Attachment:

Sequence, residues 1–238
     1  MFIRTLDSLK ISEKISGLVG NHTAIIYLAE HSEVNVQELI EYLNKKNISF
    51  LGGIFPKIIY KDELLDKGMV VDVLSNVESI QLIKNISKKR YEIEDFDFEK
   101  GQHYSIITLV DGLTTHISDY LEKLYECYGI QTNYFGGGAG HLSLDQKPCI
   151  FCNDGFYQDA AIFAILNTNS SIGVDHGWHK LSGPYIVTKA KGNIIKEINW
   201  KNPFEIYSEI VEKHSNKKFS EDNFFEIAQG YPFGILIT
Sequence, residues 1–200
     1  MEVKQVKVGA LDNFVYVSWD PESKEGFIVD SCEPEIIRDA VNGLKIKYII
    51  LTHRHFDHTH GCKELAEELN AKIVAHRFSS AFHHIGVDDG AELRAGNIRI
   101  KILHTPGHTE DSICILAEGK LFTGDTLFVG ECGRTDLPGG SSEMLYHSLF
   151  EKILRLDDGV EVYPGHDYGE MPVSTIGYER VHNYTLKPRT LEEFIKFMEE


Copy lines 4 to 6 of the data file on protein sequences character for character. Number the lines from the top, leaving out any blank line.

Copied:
   101  GQHYSIITLV DGLTTHISDY LEKLYECYGI QTNYFGGGAG HLSLDQKPCI
   151  FCNDGFYQDA AIFAILNTNS SIGVDHGWHK LSGPYIVTKA KGNIIKEINW
   201  KNPFEIYSEI VEKHSNKKFS EDNFFEIAQG YPFGILIT